Kelvin Kiptum, Eliud Kipchoge, Sifan Hassan and Other World Marathon Majors Course Record Holders

Kelvin Kiptum, Eliud Kipchoge, Sifan Hassan and Other World Marathon Majors Course Record Holders

Martin Moses
updated at February 13, 2024 at 11:54 AM
  • The world marathon majors are six of the best and most lucrative races in the world
  • Competed in different months of the year, elite athletes often flock to the six cities
  • Kelvin Kiptum currently holds the course record for two of the six marathons

Kelvin Kiptum recently sent shockwaves across the entire athletics world when he set a new men's marathon world record on October 8, 2023.

Kiptum blazed to victory at the Chicago marathon, shaving a clean 34 seconds from Eliud Kipchoge's previous record of 2:01.09, which was set a year earlier.

Kelvin Kiptum, Chicago marathon, London marathon, Tokyo marathon, New York marathon
Kelvin Kiptum celebrates after setting a new world record in men's marathon on October 8. Photo by Michael Reaves.
Source: Getty Images

He had already sent telling signs by smashing Kipchoge's course record at the London marathon in April by running the second-fastest time in history, but not many expected Kipchoge's record to bite the dust that soon.

At only 23 years of age, Kiptum now has the fastest time in history and the fastest time in two of the six world marathon majors.

The World Marathon Majors, also known as Abbott World Marathon Majors for sponsorship reasons, are a select group of lucrative marathons run in six different cities: Tokyo, Boston, London, Berlin, Chicago, and New York.

We take a look at who holds the course record in each of the six majors, both male and female.

1. Tokyo Marathon

The Tokyo Marathon only achieved its major status in 2012, making it the youngest inductee on the list. It is usually run at the end of February or in early March, making it the first major of the season.

Both wheelchair course records were set this year by Swiss athletes.

  • Male: Eliud Kipchoge (Kenya) - 2:02:40 (2022)
  • Female: Brigid Kosgei (Kenya) - 2:16:02 (2022)
  • Wheelchair Male: Marcel Hug (Switzerland) - 1:20:57 (2023)
  • Wheelchair Female: Manuela Schär (Switzerland) - 1:36:43 (2023)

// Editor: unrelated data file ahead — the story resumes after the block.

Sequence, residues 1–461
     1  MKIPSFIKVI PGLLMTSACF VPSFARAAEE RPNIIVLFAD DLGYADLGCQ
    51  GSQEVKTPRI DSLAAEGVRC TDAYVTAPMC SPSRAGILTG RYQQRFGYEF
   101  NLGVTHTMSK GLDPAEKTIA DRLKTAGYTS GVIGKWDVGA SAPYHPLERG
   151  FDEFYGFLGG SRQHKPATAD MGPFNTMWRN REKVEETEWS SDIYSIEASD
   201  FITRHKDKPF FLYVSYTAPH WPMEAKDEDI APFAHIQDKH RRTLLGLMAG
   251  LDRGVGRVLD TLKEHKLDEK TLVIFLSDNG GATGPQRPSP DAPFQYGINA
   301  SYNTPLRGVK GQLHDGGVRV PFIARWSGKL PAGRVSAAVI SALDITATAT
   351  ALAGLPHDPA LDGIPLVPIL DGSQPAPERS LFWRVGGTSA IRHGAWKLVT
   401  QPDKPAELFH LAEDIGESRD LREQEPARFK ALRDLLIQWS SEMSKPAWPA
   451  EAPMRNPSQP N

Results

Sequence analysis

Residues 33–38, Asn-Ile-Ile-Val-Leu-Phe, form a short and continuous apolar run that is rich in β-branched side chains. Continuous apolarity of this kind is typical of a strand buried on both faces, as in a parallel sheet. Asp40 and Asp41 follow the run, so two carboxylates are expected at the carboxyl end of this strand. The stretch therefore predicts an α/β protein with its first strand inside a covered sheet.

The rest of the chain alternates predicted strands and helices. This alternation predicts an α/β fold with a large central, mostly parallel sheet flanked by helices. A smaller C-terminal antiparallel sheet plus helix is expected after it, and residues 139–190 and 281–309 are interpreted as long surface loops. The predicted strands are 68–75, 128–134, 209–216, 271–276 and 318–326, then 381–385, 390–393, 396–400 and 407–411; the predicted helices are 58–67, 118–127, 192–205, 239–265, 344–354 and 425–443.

2. Boston Marathon

The Boston Marathon is usually held on Patriots Day in the United States, i.e., the third Monday of April. It is a relatively hard course, especially for beginners or first-timers, with its hilly terrain, as Kipchoge felt this year.

  • Male: Geoffrey Mutai (Kenya) - 2:03:02 (2011)
  • Female: Buzunesh Deba (Ethiopia) - 2:19:59 (2014)
  • Wheelchair Male: Marcel Hug (Switzerland) - 1:17:05 (2023)
  • Wheelchair Female: Manuela Schar (Switzerland) - 1:28:17 (2017)

3. London Marathon

As already mentioned, Kiptum introduced himself to the world by setting a new course record in the English capital this year. He did so months after running the fastest time by a debutant in Valencia.

  • Male: Kelvin Kiptum (Kenya) - 2:01:25 (2023)
  • Female: Paula Radcliffe (U.K.) - 2:15:25 (2003)
  • Wheelchair Male: Marcel Hug (Switzerland) - 1:23:44 (2023)
  • Wheelchair Female: Catherine Debrunner (Switzerland) - 1:38:24 (2022)

4. Berlin Marathon

The German course has always been favourable to Kipchoge and a host of other elite runners. It is considered the fastest course of the six, with the Olympics reporting that 12 world records have been set there, including what is now the second-fastest time in marathon history. It is held in the last week of September.

  • Male: Eliud Kipchoge (Kenya) - 2:01:09 (2022)
  • Female: Tigist Assefa (Ethiopia) - 2:11:53 (2023)
  • Wheelchair Male: Heinz Frei (Switzerland) - 1:21:39 (1997)
  • Wheelchair Female: Catherine Debrunner (Switzerland) - 1:36:47 (2018)

5. Chicago Marathon

Held in October every month, it is similarly a fast course, boasting the fastest time in men's marathon history at the moment. All the course records were set this year.

  • Male: Kelvin Kiptum (Kenya) - 2:00:35(2023)
  • Female: Sifan Hassan (Netherlands) - 2:13:44(2023)
  • Wheelchair Male: Marcel Hug (Switzerland) - 1:22:37. (2023)
  • Wheelchair Female: Catherine Debrunner (Switzerland) - 1:38:44 (2023)

6. New York Marathon

This is the biggest marathon in the world in terms of numbers, with over 50,000 participants taking part in the 2023 edition.

  • Male: Tamirat Tola (Ethiopia) - 2:04:58 (2011)
  • Female: Margaret Okayo (Kenya) - 2:22:31 (2003)
  • Wheelchair Male: Marcel Hug (Switzerland) - 1:26:26 (2022)
  • Wheelchair Female: Susannah Scaroni (United States) - 1:42:43 (2022)

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What Hellen Obiri earned for winning New York Marathon

Sports Brief had earlier reported that Hellen Obiri won her second marathon of 2023 after crossing the finish line first in the women's New York City Marathon on Sunday.

Apart from winning the marathon, the Kenyan star took home a sizable amount of money as a reward for her excellent performance.

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Martin Moses
Martin Moses is a sports journalist with over five years of experience in media. He graduated from Multimedia University of Kenya (Bachelor of Journalism, 2017-2021)
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